The Current Job Market for Aviation Maintenance Technicians

The Current Job Market for Aviation Maintenance Technicians

Aviation Maintenance Technicians are vital members of the workforce that contribute to the efficiency of the aviation industry.

Aviation Maintenance Technicians, also known as Airframe & Powerplant Mechanics, are vital members of the workforce that contribute to the efficiency of the aviation industry. If you’re interested in pursuing this career path, it’s important to know what you’re up against, in terms of the current job market for professionals in the field. Take a look at these facts to help you make an informed decision.

What Aviation Maintenance Technicians Do

There’s various tasks associated with this profession. Aviation Maintenance Technicians typically check and troubleshoot aircraft equipment on a regular basis, looking for parts that may need repair to be replaced. They repair several components of planes, including brakes, wheels, electrical systems, and wings. During inspections, professionals are required to use diagnostic procedures approved by the Federal Aviation Administation (FAA).

Job Outlook

According to the US Bureau of Labor Statistics, nearly 140,000 aviation mechanics and specialists were employed in 2012. The projected growth for this career path is expected to have little to no change through 2022. Although air traffic will more than like increase in the upcoming decade, new developments in aircraft systems should require less maintenance than previous models. Specialized work on aircraft will mostly be outsourced to domestic shops, as well as abroad.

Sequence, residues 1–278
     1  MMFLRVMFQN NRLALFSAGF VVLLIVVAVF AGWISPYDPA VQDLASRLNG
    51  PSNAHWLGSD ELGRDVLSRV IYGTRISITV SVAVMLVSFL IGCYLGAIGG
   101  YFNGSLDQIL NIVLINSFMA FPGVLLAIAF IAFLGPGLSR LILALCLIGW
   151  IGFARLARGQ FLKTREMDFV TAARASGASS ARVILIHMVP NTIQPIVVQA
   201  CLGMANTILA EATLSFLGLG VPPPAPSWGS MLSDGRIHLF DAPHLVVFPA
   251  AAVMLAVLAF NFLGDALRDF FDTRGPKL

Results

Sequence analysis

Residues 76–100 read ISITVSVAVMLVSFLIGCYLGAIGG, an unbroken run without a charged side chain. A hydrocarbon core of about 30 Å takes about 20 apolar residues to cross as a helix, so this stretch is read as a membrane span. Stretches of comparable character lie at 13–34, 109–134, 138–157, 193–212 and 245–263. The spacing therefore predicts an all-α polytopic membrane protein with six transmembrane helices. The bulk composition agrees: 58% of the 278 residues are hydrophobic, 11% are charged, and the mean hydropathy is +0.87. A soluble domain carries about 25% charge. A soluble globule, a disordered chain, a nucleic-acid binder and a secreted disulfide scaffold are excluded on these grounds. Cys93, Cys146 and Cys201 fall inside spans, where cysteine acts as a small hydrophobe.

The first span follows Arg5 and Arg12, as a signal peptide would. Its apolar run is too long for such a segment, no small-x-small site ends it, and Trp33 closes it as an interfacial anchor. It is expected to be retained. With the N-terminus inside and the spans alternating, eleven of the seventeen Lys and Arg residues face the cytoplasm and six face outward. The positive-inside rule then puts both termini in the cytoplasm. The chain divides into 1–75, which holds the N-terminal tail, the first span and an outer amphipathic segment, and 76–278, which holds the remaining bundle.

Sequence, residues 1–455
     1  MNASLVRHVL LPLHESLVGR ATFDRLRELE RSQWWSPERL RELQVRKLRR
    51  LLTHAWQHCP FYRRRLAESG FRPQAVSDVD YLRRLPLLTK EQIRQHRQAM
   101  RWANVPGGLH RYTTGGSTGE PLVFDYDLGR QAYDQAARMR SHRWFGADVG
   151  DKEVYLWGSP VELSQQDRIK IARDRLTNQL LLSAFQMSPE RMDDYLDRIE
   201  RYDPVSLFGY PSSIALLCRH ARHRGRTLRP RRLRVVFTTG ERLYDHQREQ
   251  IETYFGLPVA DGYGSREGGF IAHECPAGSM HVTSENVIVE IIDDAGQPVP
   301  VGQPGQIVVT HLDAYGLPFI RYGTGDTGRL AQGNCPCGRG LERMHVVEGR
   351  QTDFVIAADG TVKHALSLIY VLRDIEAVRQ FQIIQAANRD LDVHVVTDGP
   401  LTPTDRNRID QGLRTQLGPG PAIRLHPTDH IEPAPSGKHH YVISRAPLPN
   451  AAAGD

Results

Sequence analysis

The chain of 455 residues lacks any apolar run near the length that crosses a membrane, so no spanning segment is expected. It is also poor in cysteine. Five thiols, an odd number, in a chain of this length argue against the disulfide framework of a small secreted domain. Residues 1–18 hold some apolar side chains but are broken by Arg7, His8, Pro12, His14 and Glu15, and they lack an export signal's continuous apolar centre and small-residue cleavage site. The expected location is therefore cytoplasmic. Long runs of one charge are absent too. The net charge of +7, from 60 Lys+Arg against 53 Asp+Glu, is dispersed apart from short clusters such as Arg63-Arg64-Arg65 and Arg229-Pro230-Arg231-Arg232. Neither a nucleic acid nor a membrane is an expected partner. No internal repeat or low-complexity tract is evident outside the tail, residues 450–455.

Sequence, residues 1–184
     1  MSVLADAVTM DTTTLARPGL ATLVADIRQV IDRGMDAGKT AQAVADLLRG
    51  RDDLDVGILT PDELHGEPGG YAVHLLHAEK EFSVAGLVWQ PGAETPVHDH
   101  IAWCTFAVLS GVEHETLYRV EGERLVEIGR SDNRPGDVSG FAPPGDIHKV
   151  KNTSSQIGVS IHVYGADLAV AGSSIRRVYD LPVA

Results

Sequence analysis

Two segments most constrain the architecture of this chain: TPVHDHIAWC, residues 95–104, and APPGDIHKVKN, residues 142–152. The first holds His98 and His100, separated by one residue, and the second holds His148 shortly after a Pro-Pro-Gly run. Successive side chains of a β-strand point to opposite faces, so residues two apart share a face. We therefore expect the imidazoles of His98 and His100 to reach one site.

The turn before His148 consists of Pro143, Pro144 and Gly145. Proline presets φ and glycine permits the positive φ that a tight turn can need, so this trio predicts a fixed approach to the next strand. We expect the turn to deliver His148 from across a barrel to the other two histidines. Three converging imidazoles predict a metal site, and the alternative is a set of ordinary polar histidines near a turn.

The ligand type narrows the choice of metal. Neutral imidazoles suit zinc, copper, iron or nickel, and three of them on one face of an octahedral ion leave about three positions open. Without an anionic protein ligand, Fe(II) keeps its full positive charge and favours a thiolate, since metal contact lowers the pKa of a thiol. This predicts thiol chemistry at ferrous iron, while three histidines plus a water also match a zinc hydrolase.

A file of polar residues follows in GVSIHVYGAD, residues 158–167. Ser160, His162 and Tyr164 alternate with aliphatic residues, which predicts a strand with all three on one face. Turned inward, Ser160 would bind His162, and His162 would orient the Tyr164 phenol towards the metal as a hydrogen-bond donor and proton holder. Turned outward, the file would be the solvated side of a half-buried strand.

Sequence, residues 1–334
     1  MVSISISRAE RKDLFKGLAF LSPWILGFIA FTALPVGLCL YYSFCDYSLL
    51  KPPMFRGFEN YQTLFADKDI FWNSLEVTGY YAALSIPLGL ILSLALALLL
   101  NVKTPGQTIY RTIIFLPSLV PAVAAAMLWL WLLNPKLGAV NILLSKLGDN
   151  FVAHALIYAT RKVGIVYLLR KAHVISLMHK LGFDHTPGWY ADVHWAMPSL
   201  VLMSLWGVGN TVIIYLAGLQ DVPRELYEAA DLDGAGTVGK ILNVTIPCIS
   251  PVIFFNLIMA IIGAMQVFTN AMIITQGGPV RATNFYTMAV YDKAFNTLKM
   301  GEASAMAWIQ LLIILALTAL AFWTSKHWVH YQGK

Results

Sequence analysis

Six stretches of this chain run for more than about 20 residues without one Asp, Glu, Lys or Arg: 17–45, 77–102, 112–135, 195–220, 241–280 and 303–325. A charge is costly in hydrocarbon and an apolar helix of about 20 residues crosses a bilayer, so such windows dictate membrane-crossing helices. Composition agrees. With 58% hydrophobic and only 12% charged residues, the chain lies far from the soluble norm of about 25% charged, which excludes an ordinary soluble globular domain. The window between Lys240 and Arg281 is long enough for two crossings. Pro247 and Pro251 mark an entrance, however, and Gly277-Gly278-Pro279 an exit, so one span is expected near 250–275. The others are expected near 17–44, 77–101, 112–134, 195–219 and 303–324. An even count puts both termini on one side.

As a result, those who gain the most specialization skills and continue honing their expertise will have better chances of securing their future in this industry. Individuals with a higher education level and advanced knowledge of exclusive duties will reap greater rewards.

Education

The minimum educational requirement for this field is certification from an FAA-approved Aviation Maintenance Technician School. Some individuals may have also previously received informal training on the job or acquired necessary skills during training in the military. Those who are the most capable of competing for positions in the job market, however, usually have obtained a Bachelor’s Degree to boost their skillset as well.

Salary

The US Bureau of Labor Statistics states that the median salary for Aviation Maintenance Technicians is $55,210 in 2012. The lowest that anyone made in the field was around $35,000, and the highest was near $76,000 annually. Typical work shift are 8 hours per day during the week with some overtime required, and there’s a relatively high percentage of workers typically are affiliated with a union.

Joining the aviation industry as an Aviation Maintenance Technician can be a beneficial choice, especially if you’re equipped with an adequate amount of specialized knowledge that employers look for. Start preparing today and expect to move closer to your achieving your career goals.

For more information about avionics career training, the Aviation Institute of Maintenance Aircraft Mechanic School Programs is where you can learn more. Visit our Consumer Information Disclosure page, Your right to know, today.

Disclaimer – Aviation Institute of Maintenance makes no claim, warranty or guarantee as to actual employability or earning potential to current, past or future students and graduates of any career training program we offer. The Aviation Institute of Maintenance website is published for informational purposes only. Every effort is made to ensure the accuracy of information contained within; however, no warranty of accuracy is made. No contractual rights, either expressed or implied, are created by its content. The printed Aviation Institute of Maintenance catalog remains the official publication of Aviation Institute of Maintenance. The Aviation Institute of Maintenance website links to other websites outside the aviationmaintenance.edu domain. These links are provided as a convenience and do not constitute an endorsement. Aviation Institute of Maintenance exercises no control over, and assumes no responsibility for, information that resides on servers outside the aviationmaintenance.edu domain.
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